Given that hundreds of millions of Americans have only lived in places where any other variety of housing is forbidden by law and has been for generations, it would seems a bit implausible to assert that social engineering played no role in establishing their preferences.

    Then you and I are in complete agreement. Any attempt by the government to artificially influence (to “socially engineer”) the housing choices people make is a bad idea.

  89. Most modern European cities look like they do because of the extensive use of government incentives and disincentives (as well as wholescale razing and rebuilding projects).

    I’m not sure what this has to do with the point I made.

    Furthermore, those cities arose at a time prior to modern transport systems, lighting, communication, etc.

    But alas, we agree. There are plenty of reasons why people may organize themselves into dense urban areas without land use regulation requiring as much.

  90. joe,

    Which was absurd, because the current system is far more strictly regulated than the smart growthers and New Urbanists would like.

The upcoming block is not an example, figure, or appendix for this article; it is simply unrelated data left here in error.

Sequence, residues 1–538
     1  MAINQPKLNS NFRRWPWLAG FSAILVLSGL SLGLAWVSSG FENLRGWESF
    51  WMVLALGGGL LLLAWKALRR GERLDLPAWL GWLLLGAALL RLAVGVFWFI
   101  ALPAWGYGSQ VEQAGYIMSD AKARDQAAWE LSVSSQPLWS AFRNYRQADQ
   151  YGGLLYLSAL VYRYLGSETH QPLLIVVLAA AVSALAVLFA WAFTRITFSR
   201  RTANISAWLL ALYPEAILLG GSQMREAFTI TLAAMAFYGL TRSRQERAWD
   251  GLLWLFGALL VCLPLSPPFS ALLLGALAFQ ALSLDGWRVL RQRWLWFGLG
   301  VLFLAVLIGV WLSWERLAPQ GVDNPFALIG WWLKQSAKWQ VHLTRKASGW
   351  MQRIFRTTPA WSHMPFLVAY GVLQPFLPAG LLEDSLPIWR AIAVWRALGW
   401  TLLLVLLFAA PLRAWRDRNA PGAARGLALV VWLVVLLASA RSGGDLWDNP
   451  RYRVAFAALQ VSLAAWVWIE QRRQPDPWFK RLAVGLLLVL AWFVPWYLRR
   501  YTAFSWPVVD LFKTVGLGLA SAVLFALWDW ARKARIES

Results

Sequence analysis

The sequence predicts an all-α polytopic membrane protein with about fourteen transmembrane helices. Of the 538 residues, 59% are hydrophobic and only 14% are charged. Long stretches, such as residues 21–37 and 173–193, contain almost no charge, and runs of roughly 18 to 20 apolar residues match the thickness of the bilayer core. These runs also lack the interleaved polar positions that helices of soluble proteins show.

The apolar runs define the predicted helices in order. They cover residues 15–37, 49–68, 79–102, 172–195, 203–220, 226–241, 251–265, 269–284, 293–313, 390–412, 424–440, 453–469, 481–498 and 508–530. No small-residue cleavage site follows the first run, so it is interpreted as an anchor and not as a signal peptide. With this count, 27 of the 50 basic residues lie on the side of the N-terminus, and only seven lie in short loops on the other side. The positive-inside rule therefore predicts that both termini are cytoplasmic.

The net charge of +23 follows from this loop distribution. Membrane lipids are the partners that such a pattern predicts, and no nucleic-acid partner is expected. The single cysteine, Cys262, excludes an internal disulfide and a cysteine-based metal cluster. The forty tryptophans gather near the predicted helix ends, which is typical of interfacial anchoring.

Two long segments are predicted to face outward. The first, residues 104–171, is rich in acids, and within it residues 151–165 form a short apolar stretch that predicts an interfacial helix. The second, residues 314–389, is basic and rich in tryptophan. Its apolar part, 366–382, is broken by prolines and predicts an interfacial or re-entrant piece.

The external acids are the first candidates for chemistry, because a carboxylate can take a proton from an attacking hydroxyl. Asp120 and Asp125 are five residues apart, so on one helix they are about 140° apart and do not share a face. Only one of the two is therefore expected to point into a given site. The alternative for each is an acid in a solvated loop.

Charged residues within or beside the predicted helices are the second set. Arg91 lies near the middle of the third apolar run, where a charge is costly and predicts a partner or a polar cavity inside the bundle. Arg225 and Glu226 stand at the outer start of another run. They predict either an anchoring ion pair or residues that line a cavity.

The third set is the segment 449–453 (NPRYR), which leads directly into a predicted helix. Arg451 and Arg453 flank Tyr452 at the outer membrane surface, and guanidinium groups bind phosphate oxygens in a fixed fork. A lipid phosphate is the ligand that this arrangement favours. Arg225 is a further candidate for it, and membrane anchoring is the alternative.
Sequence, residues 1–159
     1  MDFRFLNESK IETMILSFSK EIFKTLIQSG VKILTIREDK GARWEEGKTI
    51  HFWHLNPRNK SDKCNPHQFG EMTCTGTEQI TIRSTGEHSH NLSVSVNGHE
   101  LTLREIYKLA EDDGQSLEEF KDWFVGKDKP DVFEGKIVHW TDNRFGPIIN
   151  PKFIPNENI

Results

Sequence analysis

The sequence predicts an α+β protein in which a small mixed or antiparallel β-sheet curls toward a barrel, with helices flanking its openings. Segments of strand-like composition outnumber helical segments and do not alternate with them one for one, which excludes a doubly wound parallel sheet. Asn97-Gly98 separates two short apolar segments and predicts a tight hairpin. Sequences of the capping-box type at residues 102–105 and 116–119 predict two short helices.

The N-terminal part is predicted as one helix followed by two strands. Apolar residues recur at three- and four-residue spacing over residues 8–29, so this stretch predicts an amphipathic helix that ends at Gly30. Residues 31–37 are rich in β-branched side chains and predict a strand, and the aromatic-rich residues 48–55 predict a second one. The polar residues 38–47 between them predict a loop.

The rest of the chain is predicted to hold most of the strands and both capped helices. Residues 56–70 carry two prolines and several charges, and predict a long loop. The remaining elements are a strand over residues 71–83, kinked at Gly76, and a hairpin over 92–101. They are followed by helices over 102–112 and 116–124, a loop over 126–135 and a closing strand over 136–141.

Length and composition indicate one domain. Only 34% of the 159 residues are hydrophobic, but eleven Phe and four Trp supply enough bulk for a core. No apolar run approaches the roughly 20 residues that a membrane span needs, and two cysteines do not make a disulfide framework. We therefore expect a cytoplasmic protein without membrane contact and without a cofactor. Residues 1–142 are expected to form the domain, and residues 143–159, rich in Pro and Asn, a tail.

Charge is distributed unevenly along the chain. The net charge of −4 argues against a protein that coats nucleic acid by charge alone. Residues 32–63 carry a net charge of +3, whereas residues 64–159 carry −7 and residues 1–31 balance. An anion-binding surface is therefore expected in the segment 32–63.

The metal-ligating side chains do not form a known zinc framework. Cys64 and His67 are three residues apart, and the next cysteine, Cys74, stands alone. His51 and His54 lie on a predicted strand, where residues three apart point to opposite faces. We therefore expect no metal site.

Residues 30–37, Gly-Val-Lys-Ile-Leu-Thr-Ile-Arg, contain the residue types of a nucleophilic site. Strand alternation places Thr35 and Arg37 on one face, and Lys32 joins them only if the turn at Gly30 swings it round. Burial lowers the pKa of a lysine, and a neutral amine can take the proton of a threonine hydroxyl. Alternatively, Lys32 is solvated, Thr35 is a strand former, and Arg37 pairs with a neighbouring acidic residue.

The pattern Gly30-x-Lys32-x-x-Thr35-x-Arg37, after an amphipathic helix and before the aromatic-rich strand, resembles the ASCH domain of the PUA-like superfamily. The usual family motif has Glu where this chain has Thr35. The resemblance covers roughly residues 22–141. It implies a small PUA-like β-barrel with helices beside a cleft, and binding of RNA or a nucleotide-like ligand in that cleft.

It may in fact be absurd, but that wasn’t what you appeared to be driving at in your original statement. Again, I really have no desire to get into a who wrote what argument.

    I’ve listed the types of regulations New Urbanists and Smart Growthers would like to lose.

    So, say that is all true for the sake of argument, which ones would they like to instate?

  91. downstater,

    I’m not sure what this has to do with the point I made.

    Well, it seems to me that European populations might be far more dispersed without those government efforts.

    Anyway, European cities appear to be as prone to sprawl as any city in the U.S.

  92. Last try, swillfredo.

    Individuals’ preferences are at least partially determined by their experiences.

    The experiences of most Americans i/r/t how neighborhoods are built have been drastically skewed via government regulation towards single family, auto-dependent sprawl development. Other options have been forbidden, so many millions of Americans have had their preferences determined by experiences that have been deliberately limited as part of a conscious process of social engineering.